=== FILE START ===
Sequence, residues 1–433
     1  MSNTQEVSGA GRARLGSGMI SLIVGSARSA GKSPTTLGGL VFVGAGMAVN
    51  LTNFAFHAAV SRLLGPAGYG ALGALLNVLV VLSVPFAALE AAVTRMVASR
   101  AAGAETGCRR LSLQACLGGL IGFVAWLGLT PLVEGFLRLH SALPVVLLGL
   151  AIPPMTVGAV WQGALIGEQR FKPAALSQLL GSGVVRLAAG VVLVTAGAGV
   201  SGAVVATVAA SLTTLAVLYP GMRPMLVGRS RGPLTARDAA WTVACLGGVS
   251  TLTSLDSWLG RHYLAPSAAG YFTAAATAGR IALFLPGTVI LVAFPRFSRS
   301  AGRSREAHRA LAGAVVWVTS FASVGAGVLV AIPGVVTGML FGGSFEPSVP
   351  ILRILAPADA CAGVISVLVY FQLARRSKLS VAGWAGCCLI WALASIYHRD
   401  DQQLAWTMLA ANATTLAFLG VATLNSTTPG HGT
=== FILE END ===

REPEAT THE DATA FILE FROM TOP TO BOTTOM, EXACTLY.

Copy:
Sequence, residues 1–433
     1  MSNTQEVSGA GRARLGSGMI SLIVGSARSA GKSPTTLGGL VFVGAGMAVN
    51  LTNFAFHAAV SRLLGPAGYG ALGALLNVLV VLSVPFAALE AAVTRMVASR
   101  AAGAETGCRR LSLQACLGGL IGFVAWLGLT PLVEGFLRLH SALPVVLLGL
   151  AIPPMTVGAV WQGALIGEQR FKPAALSQLL GSGVVRLAAG VVLVTAGAGV
   201  SGAVVATVAA SLTTLAVLYP GMRPMLVGRS RGPLTARDAA WTVACLGGVS
   251  TLTSLDSWLG RHYLAPSAAG YFTAAATAGR IALFLPGTVI LVAFPRFSRS
   301  AGRSREAHRA LAGAVVWVTS FASVGAGVLV AIPGVVTGML FGGSFEPSVP
   351  ILRILAPADA CAGVISVLVY FQLARRSKLS VAGWAGCCLI WALASIYHRD
   401  DQQLAWTMLA ANATTLAFLG VATLNSTTPG HGT